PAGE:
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Phil Jackson/role players 1, Vlad Radmanovic 0

February 9, 2009 | 12:41 am

Vlad Radmanovic joined his new Bobcat team on Sunday, but wasn't able to suit up for the day's game in Miami, as Adam Morrison and Shannon Brown have yet to take their physicals.  But that didn't prevent the ex-Laker from creating a minor stir.  While taking questions from the media, Vlad shared the following about his time in L.A.

         "Here I'll do what I do best. Being a Laker was a great experience, but it was also frustrating not knowing when and how I'd play,'' Radmanovic told the Observer.  "Phil's system, great as it is, doesn't give a role player much opportunity. For Kobe Bryant, it's great. For Paul Gasol, it's great. But role players don't do much.''

Well, give the guy credit.  If there was ever any debate whether the "space cadet" nickname was merited, he managed to settle it.  That, as they say, is a rather goofy statement.

Look, I understand that unhappy feelings often accompany being traded, especially when the situation is still raw and barely digested.  And to a certain degree, I understand why Vlad was frustrated by his experience with Phil Jackson.  Aside from the sarcastic zings (a PJ staple some players handle better than others), this season in particular Vlad was hitting from behind the arc at a very good clip and that's his calling card.  On a very specifically and narrowly defined level, it could be argued that Radmanovic was "doing his job."  But even cutting him that slack and sympathy... Dude, are you kidding me?

Phil Jackson doesn't provide opportunities for role players?

The coach that has always gone out of his way to champion the importance of the non-star guys, often to the point where fans wish he'd let the big names (MJ, Kobe, Shaq) simply cut loose?

The coach who's built his career on a system Michael Jordan derisively labeled the "equal opportunity offense" due to its propensity for spreading the wealth?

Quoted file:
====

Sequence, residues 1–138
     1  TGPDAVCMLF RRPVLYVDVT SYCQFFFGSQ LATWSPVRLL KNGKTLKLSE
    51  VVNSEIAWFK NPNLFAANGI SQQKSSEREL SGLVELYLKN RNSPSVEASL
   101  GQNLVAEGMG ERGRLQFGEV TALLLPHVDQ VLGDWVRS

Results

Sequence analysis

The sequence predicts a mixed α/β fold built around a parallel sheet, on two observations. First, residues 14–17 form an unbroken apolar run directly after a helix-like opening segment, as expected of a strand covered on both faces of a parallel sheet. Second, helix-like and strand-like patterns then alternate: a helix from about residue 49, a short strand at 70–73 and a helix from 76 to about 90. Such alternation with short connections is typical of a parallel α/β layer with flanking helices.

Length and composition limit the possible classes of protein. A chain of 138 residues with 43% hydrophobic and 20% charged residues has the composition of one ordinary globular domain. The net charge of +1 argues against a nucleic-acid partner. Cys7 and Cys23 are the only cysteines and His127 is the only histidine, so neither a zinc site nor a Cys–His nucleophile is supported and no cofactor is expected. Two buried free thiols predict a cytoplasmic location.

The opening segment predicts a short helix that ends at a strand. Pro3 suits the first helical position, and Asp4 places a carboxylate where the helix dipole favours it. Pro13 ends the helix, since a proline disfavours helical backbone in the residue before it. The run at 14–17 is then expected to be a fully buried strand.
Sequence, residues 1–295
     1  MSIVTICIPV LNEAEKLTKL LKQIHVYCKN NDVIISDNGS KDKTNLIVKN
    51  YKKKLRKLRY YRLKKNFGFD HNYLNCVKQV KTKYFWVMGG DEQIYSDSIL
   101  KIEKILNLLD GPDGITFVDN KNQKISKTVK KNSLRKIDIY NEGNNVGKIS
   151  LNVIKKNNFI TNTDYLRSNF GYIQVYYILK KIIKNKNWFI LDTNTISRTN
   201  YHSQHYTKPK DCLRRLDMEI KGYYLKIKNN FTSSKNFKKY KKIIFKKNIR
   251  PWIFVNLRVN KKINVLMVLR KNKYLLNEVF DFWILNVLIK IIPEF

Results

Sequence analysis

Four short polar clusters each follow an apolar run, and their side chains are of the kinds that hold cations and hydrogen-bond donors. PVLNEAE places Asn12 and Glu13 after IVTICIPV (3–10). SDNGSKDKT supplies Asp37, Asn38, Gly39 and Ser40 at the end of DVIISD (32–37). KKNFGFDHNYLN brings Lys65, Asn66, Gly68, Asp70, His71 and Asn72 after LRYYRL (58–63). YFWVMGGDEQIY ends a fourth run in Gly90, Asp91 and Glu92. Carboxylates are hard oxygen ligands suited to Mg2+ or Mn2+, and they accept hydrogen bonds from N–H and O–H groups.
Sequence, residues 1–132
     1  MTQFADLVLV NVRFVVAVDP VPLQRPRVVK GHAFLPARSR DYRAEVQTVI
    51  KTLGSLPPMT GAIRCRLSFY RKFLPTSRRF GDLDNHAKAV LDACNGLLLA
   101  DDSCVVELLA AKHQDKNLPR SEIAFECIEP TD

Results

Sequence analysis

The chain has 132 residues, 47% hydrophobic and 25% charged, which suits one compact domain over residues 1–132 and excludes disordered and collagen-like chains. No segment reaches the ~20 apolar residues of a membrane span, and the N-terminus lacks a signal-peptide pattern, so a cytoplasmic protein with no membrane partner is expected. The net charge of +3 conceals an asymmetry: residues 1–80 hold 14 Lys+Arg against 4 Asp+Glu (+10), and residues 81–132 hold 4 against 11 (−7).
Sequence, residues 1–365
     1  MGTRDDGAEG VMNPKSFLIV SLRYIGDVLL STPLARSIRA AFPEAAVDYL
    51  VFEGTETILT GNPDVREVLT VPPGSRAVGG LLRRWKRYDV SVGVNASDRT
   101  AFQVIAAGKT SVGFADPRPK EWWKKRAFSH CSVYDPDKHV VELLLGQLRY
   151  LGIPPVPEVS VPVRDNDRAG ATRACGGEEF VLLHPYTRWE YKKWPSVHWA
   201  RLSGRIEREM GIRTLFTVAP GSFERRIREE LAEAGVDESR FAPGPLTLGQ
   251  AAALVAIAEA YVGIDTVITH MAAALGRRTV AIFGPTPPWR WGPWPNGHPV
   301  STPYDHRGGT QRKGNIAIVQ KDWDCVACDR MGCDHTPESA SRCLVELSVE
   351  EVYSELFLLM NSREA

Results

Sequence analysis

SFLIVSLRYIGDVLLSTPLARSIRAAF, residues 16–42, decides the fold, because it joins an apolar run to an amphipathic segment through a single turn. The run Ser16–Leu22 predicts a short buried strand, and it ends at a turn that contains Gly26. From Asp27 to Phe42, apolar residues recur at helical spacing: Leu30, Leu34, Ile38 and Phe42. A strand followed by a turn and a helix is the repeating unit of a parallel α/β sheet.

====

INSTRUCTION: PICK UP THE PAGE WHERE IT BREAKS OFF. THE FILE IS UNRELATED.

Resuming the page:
Sorry, but that's a sell Alec Baldwin's "Glengarry Glen Ross" character couldn't close.

Let's take a look at just a partial list of the lunch pail cats now in possession of a jewelry collection they earned (emphasis on "earned") while working under Phil.

B.J. Armstrong.
Bill Cartwright
Horace Grant
Steve Kerr
Luc Longley
John Paxson
Ron Harper (a former All-star caliber player who learned to tailor his game)
Rick Fox
Derek Fisher
Robert Horry (considered one of the best role players ever in part because of time under Phil)
Brian Shaw

As for quality fellas that have yet to land bling, but have thus far seen their best seasons under Phil compared to other coaches

Ronny Turiaf
Trevor Ariza

Hell, there are even a few role players that were never really all that, but undoubtedly saw their best drawn out under Phil's watch.  No coach has ever made Kwame Brown, Smush Parker or Brian Cook come off more like useful role players than Phil.  You can debate how successful they were or curse them even being on the floor (the latter issue as much the "fault" of Mitch Kupchak's roster assemblage as Phil's rotational decisions), but the fact remains that those three enjoyed the best- and truth be told, reasonably productive- seasons of their careers taking cues from Jackson.